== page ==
Ryan McDonald

Rules for sidewalk vending in Hermosa Beach delayed, but not for long

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Hermosa Beach City Hall. File photo

By Ryan McDonald

Hermosa Beach’s City Council decided Tuesday night to delay a vote on an ordinance regulating sidewalk vending, but signalled that rules regulating the practice were imminent.

The decision to delay a vote on the rules conformed with a request from the Chamber of Commerce and Visitors’ Bureau, but is unlikely to assuage the group’s underlying concerns. Under a state law that took effect Jan. 1, cities can no longer criminalize or prohibit sidewalk vending, meaning that existing law in Hermosa and many other cities is no longer valid.

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City Attorney Michael Jenkins told the council that they could regulate sidewalk vending based on “objective health, safety and welfare” concerns, but they may not rely on the practice’s effect on existing businesses in crafting regulations. This, however, is exactly what several business owners who addressed the council seemed to be seeking, fearing that the arrival of sidewalk vendors unburdened by the high rent paid by Hermosa’s brick-and-mortar businesses could create competition that would make an already challenging retail atmosphere unsustainable.

“I’ve worked really hard to establish regular cliente. I pay high rent. It seems pretty unfair that after all the work that I’ve done with marketing and gaining all these great customers, they can just kind of piggyback on what I’ve done,” Gina Rothwell, owner of kids’ clothing store Sol Baby on Pier Avenue, said of potential sidewalk vendors.

Legislators passed Senate Bill 946 last year out of concern that criminal enforcement of sidewalk vending rules could subject vendors, many of whom are immigrants, to the stepped up deportation efforts of the Trump Administration. But along with decriminalizing sidewalk vending, the law also required Hermosa and cities throughout California to either update their rules on sidewalk vending or accept default regulations from the state.

Until SB 946, cities had wide latitude to regulate sidewalk vendors and the local impacts they created. The default rules leave vendors largely unregulated, and Tuesday’s vote means that sidewalk vendors face fewer limits to operating in Hermosa than they would have under the draft ordinance presented Tuesday night.

As of now, vendors can theoretically set up shop on almost any sidewalk or park pathway in the city, Jenkins said, because Hermosa’s existing regulations conflict with state law and so cannot be enforced. This prompted the Downtown Hermosa Business Association to urge passage of an ordinance as soon as possible. Mayor Stacey Armato and Councilmember Jeff Duclos agreed, saying that although not perfect, it was preferable to the alternative.

Among other provisions, the ordinance required vendors to obtain permits from the city, restricted vending on Hermosa Avenue between 10th and 14th streets, and required vendors to be at least 200 feet apart.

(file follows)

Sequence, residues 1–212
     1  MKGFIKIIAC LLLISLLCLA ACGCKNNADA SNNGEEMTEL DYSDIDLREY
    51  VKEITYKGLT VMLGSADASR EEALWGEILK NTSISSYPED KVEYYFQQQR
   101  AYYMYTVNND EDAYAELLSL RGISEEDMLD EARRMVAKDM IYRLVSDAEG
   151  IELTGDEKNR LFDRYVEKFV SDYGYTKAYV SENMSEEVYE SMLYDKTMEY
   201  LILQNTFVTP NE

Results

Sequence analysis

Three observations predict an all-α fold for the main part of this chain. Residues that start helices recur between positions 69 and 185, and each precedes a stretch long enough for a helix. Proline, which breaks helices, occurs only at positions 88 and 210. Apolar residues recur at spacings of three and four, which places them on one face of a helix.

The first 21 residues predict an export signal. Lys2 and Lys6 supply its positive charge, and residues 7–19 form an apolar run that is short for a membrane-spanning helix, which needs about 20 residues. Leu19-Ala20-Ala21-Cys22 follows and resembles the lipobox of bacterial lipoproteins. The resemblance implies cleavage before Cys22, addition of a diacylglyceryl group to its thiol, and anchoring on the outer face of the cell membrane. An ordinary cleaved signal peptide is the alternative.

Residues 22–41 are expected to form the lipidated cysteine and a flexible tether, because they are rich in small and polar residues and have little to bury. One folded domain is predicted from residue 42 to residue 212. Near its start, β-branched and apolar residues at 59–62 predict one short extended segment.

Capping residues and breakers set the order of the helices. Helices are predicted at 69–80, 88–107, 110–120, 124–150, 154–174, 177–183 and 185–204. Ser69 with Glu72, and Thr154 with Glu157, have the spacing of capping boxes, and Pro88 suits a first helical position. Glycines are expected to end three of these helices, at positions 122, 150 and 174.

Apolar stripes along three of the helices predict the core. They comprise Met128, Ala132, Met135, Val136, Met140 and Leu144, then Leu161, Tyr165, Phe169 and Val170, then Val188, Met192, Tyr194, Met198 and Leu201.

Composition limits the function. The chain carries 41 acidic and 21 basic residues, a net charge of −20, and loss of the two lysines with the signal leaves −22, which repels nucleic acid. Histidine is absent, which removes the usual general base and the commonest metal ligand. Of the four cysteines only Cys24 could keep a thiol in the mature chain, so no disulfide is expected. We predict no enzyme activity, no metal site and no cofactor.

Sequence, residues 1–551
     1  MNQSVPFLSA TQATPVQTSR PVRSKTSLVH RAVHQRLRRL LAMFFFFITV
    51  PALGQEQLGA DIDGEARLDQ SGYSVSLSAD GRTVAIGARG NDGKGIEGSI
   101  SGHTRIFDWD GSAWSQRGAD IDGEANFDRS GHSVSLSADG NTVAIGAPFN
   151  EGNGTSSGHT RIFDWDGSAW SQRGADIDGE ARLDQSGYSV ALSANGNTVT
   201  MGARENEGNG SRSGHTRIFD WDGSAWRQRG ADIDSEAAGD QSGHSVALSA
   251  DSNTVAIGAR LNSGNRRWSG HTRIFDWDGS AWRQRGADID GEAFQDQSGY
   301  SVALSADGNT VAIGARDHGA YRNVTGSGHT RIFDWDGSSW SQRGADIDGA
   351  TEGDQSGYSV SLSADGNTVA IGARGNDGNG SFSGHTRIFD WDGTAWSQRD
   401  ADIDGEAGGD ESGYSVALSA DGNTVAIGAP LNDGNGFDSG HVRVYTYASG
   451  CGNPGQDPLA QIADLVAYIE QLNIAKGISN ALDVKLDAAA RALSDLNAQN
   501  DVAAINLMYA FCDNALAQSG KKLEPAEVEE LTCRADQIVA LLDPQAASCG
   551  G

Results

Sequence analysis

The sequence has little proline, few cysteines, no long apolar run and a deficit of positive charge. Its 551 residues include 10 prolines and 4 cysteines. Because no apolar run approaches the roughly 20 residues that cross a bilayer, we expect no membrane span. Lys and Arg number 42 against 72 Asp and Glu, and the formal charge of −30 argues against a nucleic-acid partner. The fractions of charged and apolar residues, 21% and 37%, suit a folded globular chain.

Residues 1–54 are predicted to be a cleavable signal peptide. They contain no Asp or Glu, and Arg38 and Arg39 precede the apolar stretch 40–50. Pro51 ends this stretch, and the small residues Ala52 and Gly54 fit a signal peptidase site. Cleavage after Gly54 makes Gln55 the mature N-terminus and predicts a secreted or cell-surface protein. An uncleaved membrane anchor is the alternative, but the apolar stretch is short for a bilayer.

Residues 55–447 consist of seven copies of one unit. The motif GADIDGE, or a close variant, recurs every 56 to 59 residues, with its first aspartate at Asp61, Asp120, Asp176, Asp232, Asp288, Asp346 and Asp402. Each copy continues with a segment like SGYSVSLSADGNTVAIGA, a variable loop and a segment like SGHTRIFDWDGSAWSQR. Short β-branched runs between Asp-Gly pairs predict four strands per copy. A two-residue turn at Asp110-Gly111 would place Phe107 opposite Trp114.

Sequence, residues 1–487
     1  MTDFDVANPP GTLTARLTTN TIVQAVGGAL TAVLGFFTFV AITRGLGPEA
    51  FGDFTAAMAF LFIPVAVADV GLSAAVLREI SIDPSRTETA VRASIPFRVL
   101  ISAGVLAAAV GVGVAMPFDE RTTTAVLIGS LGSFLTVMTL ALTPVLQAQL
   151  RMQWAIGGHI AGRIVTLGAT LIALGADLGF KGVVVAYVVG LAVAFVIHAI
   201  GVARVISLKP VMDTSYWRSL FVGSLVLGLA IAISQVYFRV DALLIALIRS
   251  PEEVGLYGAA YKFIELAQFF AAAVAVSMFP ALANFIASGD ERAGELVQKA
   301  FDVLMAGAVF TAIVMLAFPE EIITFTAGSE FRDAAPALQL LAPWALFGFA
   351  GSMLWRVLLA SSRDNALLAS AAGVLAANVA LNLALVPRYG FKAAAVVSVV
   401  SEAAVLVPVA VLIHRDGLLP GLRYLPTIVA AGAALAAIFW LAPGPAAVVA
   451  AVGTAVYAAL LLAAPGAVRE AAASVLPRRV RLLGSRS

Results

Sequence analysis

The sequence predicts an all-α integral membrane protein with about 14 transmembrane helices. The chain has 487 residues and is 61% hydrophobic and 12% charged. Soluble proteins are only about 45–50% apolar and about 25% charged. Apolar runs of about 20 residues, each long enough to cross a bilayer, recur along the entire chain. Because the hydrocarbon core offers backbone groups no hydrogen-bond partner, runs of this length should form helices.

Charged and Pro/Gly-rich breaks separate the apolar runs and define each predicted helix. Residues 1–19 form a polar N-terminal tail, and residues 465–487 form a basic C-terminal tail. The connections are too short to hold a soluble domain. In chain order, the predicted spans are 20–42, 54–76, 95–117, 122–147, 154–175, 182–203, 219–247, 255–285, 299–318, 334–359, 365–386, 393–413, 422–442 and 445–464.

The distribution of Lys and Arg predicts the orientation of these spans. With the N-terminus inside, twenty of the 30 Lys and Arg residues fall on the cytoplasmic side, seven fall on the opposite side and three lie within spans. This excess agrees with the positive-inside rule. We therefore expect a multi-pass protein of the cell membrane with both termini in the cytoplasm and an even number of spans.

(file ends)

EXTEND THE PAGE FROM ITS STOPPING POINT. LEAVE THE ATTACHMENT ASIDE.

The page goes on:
But a 3-2 majority voted to have staff make several tweaks to the ordinance and return at a future meeting. Notably, the council sought to change the ordinance to prohibit vending along Pier Plaza, which the draft ordinance would have allowed. The plaza, according to the City Attorney’s office, fits within the places where sidewalk vending must be allowed, but Councilmember Justin Massey, raising the prospect of a skateboarder colliding with a hot dog cart, said the city could prohibit it and stay within the state law. Other questions still to be resolved by staff are whether there could be “blackout” dates coinciding with special events, such as the Fourth of July, and the amount of specificity needed regarding which items vendors could or could not legally sell.

It is unclear how big an effect loosening restrictions on sidewalk vending will actually have on Hermosa. Police and staff from the Community Development Department said that, despite the change in state law, there have been no calls about sidewalk vendors since the beginning of the year.

Some in the business community, though, clearly see the vendors as a threat.

On learning of the proposed ordinance last week, the Chamber sent an email to its members alerting them. The Chamber also submitted a letter to the council, and several board members spoke at Tuesday’s meeting. Some of their recommendations were aimed at the “objective” criteria that cities are permitted to enact under the state law, including prohibiting vending on the Pierhead, where Pier Plaza meets The Strand, and increasing the minimum distance that vendors would have to put between themselves and outdoor dining patios.

But Chamber members also described sidewalk vendors as “one more nail in the coffin for brick and mortar businesses.” The chamber also inquired about police background checks for sidewalk vendors; police background checks are not required to obtain a traditional business license in Hermosa, and Councilmember Hany Fangary said he found the idea “offensive.”

These suggestions could potentially hurt the Chamber’s cause. Jenkins began the discussion of the proposed ordinance with a thorough overview of state law on the issue, emphasizing how the city’s hands were tied. He also said that the legislature had specifically identified the protection of existing businesses as an impermissible source of regulation. The chamber’s comments, which Jenkins characterized as “loaded with a desire for economic protectionism,” could leave a future Hermosa ordinance vulnerable to legal challenges.

“It’s not helpful to the public record for the Chamber to be asserting economic protectionism as a basis for regulation,” Jenkins said.


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